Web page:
Stolen Amazon: the roots of environmental crime in five countries
Because illegal deforestation does not respect borders, InSight Crime and the Igarapé Institute have
launched an investigation into environmental crimes across five Amazonian countries: Ecuador, Venezuela,
Bolivia, Guyana, and Suriname. With land in these five countries accounting for some 20 percent of the Amazon Basin, they have collectively lost 10 million hectares of forest over the last two decades – an area equivalent to that of Portugal.
In Bolivia, a rise in slash-and-burn land clearance has stoked forest fires that have consumed large tracts. The man-made infernos are often sparked by settlers who illegally raze trees to grow soy and raise livestock. Much of the deforestation benefit big agribusiness with ties to the government, the investigation found.
Similarly, tens of thousands of hectares of Ecuador’s Amazon have been invaded to sow palm oil. Valuable hardwoods and balsa, used in blades for wind-power turbines, are also being pilfered by timber traffickers to feed demand in China.
“Stolen Amazon: the roots of environmental crime in five countries” is the third in a series of joint investigations by InSight Crime and the Igarapé Institute to highlight how environmental crimes harm natural ecosystems and communities in the Amazon basin. The analysis is complemented by a data visualization developed by the Igarapé Institute: EcoCrime Data.
In the heart of Venezuela’s Amazon, rivers and forests are being contaminated with mercury from illegal gold extraction managed by criminal gangs and Colombian armed groups. Our investigation maps these groups, which include the Venezuelan gang the El Peru Syndicate, dissidents of the Revolutionary Armed Forces of Colombia (FARC), and units of Colombia’s Marxist rebel force the National Liberation Army (ELN). Much of the gold ultimately winds up in the vaults of Venezuela’s central bank, to be sold to prop up the struggling President Nicolás Maduro.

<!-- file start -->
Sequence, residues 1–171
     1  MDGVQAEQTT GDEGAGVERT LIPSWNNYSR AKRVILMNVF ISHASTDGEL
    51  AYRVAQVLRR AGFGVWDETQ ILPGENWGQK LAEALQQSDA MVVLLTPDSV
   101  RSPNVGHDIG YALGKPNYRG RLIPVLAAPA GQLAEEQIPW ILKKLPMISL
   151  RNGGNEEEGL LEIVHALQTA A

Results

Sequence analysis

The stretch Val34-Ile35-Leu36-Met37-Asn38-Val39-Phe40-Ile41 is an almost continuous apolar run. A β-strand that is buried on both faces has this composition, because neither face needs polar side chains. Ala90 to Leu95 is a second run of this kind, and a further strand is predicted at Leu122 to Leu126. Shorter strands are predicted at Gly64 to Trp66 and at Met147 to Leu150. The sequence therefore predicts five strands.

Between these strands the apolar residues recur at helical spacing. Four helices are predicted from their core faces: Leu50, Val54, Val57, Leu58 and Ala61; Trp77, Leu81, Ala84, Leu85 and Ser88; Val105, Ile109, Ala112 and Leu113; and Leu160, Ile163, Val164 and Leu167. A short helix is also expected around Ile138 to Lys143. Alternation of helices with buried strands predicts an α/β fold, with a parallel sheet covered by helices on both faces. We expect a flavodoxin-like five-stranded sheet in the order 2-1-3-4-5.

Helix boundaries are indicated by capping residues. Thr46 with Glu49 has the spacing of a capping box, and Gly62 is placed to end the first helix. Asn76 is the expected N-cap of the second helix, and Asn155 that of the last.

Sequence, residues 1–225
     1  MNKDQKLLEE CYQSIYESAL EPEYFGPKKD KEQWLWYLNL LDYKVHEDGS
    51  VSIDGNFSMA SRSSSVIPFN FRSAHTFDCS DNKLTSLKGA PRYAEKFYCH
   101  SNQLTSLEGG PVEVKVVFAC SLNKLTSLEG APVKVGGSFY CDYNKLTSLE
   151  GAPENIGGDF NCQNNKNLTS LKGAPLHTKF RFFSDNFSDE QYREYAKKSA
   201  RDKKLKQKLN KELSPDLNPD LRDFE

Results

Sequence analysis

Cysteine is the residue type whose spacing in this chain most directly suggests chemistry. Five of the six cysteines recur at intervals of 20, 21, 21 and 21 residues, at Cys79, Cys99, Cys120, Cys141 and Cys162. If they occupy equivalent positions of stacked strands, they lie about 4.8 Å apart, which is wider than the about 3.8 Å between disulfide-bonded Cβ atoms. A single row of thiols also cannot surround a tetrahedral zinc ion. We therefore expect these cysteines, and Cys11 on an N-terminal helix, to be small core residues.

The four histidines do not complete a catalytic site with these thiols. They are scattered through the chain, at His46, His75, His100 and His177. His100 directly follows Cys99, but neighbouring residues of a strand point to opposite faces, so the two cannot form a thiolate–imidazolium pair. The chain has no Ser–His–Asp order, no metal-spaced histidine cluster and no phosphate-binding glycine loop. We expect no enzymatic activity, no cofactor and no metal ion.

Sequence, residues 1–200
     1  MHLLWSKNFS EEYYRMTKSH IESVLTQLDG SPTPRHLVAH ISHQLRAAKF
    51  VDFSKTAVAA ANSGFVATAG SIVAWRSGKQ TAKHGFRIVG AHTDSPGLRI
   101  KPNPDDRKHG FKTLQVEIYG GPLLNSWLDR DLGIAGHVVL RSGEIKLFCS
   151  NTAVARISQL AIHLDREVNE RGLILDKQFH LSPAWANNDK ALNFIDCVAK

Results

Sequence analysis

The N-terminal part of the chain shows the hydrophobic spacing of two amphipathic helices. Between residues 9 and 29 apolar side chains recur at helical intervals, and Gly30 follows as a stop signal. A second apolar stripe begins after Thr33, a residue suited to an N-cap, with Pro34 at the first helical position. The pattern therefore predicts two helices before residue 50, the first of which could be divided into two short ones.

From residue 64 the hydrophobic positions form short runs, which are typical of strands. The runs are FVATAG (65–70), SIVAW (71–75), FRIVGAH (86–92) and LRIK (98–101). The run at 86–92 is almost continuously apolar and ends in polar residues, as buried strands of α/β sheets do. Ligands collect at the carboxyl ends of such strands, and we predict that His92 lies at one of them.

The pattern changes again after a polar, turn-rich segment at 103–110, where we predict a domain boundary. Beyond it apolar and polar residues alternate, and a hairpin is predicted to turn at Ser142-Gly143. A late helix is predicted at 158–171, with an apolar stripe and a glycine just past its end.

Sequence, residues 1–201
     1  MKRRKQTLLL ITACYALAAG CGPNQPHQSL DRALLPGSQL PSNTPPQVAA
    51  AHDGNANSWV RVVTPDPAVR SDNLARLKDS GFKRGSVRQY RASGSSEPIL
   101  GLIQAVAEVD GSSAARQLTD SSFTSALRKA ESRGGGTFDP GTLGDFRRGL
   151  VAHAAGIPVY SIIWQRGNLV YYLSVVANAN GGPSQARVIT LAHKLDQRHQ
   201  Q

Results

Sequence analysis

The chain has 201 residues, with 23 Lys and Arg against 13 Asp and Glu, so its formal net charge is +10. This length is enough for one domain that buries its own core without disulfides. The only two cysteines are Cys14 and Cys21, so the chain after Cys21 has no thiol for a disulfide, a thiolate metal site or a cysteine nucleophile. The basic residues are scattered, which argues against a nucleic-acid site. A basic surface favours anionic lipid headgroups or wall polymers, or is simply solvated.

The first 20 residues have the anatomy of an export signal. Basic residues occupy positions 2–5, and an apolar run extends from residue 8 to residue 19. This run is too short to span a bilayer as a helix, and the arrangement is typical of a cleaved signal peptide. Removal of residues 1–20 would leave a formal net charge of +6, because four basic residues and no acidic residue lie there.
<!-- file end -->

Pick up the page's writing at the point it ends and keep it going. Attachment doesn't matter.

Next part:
Millions of dollars worth of illegal Venezuelan gold are also spirited to neighboring Amazonian nation Guyana, where it is added to this nation’s production, which is also damaging to the forests. Guyana has less than a dozen inspectors for more than 9,000 mining sites. Abuses are rampant. Neighboring Suriname also serves as a laundering hub for illegal gold from Venezuela, Guyana, and French Guiana that is disguised among its predatory gold production.
“Stolen Amazon: the roots of environmental crime in five countries” shows that collective action on the local, national, regional, and even global levels is essential and possible. The study points to a number of solutions to the challenges of environmental crime, including an integrated approach involving law enforcement institutions, environmental regulatory authorities, non-profit organizations, and especially local communities. Cooperation is critical to target the illegal actors at the highest levels who profit from Amazon’s destruction. A narrow approach based on intelligence and law enforcement alone is insufficient.
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